There are only a few self-regulated industries in the United States, and the legal profession has the distinction of being one of them. The legal profession’s self-regulation has been under scrutiny these past few years, but it is by no means a new concern. Prior to self-regulation, American colonies forbid making a profession out of providing legal services during the 18th century. This ban obviously did not last. The legal profession’s path towards self-regulation started with the creation of the ABA in 1878.

Over the years there has been much debate over whether self-regulation is right for the profession, as well as whether it is the best way to serve the public interest. The problem with our current system is that some of the Model Rules of Professional Conduct that lawyers created to regulate legal services, such as Rules 5.4 (Professional Independence of a Lawyer) and 5.5 (Unauthorized Practice of Law), are rooted in anecdotes based more on fear than fact, and have never been based on data or societal needs. These rules operate by design to constrict the types and amount of legal help one can receive, leaving many potential customers to fend for themselves. Consequently, this regulatory framework is not representative of modern society. If lawyers want to retain their ability to self-regulate the profession, they have an obligation to the people in need of legal services. It is time for lawyers, regulators, courts, and the public to reevaluate the regulatory framework and reform it to meet the needs of all the people it is intended to serve.
Michael Houlberg, Manager
March 2021

February 11: "Majority of US Firms Are Working with ALSPs, With Pandemic Likely Fueling Reliance" on

February 16: "US Legal System Can Benefit From Nonlawyer Ownership" in Law360

February 18: "Alternative Legal Service Providers Are No Longer 'Alternative'" on 2Civility

February 26: "You can lose your kids, home and freedom without ever seeing a lawyer. It's a profound injustice." in The Washington Post

March 5: "IAALS Announces 2021 Rebuilding Justice Award Recipients" on IAALS' blog

March 8: "Permitting alternative business structures could spur tech innovation, Arizona justice says" in ABA Journal

March 12: "All Gas, No Brakes: New Model of Judicial Leadership is Bringing Justice Back Within Reach of the People" on IAALS' blog

March 15: "Non-Lawyer-Owned Firm Set to Launch Out of Utah 'Sandbox'" in Law360

March 15: "Nonlawyer-Owned Law Firm Advising Small Businesses Has National Ambitions" in The American Lawyer

March 15: "Eliminate the Bar Exam for Lawyers" in The Wall Street Journal

Visit our Knowledge Center to track what's happening around the country and the world when it comes to legal regulation, as well as submit information and sign up for notifications.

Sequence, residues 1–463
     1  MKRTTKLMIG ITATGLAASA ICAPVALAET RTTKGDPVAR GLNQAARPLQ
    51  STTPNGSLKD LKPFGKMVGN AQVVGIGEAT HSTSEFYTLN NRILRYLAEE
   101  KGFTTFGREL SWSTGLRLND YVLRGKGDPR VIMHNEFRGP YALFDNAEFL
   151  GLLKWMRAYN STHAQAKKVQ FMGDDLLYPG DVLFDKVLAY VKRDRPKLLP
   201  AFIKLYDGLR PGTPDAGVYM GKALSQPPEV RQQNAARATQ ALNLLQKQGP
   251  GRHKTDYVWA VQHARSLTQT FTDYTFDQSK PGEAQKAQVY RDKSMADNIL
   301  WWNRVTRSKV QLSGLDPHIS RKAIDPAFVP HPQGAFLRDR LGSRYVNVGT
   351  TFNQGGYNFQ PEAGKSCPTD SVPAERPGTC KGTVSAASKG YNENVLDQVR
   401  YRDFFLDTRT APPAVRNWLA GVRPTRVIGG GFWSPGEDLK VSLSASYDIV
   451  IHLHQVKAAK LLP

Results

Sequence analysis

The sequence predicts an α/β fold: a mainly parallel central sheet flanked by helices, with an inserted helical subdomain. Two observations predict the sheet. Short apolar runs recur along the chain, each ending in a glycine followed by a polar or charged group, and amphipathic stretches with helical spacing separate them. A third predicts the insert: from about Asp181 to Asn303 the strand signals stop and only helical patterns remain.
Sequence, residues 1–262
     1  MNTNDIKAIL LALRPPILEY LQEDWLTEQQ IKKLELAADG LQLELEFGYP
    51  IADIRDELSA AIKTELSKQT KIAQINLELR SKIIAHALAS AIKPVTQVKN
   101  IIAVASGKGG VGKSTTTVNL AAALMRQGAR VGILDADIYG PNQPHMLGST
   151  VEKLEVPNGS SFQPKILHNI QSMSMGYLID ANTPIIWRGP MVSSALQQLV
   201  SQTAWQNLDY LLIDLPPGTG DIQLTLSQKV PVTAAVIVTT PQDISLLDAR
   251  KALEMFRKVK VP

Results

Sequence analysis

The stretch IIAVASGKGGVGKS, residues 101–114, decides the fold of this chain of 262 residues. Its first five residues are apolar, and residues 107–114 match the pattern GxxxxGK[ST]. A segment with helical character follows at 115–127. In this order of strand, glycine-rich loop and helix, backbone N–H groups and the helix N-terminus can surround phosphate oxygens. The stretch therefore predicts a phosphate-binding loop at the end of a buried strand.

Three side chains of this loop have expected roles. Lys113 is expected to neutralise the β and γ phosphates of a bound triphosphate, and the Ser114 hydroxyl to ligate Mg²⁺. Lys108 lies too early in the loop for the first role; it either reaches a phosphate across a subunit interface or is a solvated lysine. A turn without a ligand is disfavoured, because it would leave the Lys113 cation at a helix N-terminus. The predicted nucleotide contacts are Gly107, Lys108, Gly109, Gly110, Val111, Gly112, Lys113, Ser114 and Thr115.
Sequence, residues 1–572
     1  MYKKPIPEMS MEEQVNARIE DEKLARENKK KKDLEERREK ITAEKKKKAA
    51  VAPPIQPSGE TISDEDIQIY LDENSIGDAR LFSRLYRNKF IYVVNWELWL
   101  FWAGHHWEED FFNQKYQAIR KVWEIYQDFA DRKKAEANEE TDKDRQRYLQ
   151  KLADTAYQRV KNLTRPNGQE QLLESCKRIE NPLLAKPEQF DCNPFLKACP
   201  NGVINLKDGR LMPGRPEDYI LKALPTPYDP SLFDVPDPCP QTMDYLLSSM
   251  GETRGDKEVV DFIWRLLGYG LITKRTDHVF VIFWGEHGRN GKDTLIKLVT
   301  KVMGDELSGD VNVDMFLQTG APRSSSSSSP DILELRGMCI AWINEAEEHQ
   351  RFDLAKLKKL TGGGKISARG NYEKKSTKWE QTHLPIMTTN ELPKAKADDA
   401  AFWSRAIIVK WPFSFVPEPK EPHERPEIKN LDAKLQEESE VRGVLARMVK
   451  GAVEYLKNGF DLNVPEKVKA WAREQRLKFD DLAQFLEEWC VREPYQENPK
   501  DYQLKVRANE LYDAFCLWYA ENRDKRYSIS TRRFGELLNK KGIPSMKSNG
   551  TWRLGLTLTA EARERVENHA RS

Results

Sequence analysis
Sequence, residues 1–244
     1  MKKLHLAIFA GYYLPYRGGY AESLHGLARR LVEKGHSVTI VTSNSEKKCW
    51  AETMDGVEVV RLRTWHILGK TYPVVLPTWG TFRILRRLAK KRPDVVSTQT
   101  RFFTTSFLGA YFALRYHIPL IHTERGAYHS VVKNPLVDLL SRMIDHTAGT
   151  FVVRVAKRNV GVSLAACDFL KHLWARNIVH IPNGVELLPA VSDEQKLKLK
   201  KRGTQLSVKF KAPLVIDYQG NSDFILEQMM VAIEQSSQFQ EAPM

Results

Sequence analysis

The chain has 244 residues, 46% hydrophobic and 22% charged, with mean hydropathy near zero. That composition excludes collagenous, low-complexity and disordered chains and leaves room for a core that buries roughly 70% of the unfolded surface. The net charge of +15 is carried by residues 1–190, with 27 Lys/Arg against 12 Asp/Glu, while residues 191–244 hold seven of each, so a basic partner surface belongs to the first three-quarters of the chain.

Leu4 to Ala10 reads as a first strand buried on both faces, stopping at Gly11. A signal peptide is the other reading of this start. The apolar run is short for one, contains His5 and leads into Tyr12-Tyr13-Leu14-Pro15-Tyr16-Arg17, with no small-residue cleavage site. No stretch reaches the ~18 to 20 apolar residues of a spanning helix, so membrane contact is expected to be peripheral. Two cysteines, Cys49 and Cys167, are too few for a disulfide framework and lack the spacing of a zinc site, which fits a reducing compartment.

Last February, IAALS launched the Future of Legal Services speaker series, which brought together perspectives from the legal profession, academy, technology sector, and abroad to discuss the role of regulatory reform in the fight to achieve justice for all. After the COVID-19 pandemic rendered an in-person series impossible, the series went virtual and reached over 400 people across the country. Now, we are pleased to announce we are offering replays of each session this March for CLE credit. We are also pleased to announce a similar series, presented in conjunction with the ABA and Legal Hackers, will begin in 2021—more details coming soon!
March 23 & 24 at 11 a.m. MDT

Dan Rodriguez
, former dean of Northwestern University Pritzker School of Law, discusses why our balkanized system of professional regulation makes it much more difficult to meet the demand for legal services, and how states can join together and offer more legal services to those in need without opening up the public to the risk of harm.

Register here for Dan’s sessions on March 23 or March 24
The pandemic has increased people’s legal needs while decreasing their ability to afford legal help. Unfortunately, the predominant reaction of the bar has been to continue to “protect” consumers from lower-cost providers through unauthorized practice of law (UPL) restrictions that serve primarily to protect the bar’s monopoly over legal services.

The bar’s behavior of ignoring the needs of consumers they claim to protect is not new. In the wake of the Great Depression, as people sought affordable alternatives to lawyers, bar associations successfully lobbied state legislatures to restrict their competitors through some of the first UPL laws.

Then, in the 1960s, the bar attempted to use UPL restrictions to prevent Norman Dacey from selling his self-help book How To Avoid Probate, despite—or more likely due to—millions of Americans who chose to use this book rather than hire a lawyer.

And the current use of UPL regulation against software can be traced to the 1999 decision by a federal court agreeing with the Texas UPL Committee that Quicken Family Lawyer software was acting as a “cyber-lawyer.”

If the bar had asked, consumers in each of these eras would have said that they don’t need to be “protected” from individuals, books, and software that provide affordable legal help. It’s time to end nearly a century of “lawyer-splaining” about what consumers need.

    IAALS is a national, independent research center dedicated to facilitating continuous improvement and advancing excellence in the American legal system. Our mission is to forge innovative and practical solutions to problems within the American legal system. 

    in the Future of the American Legal System

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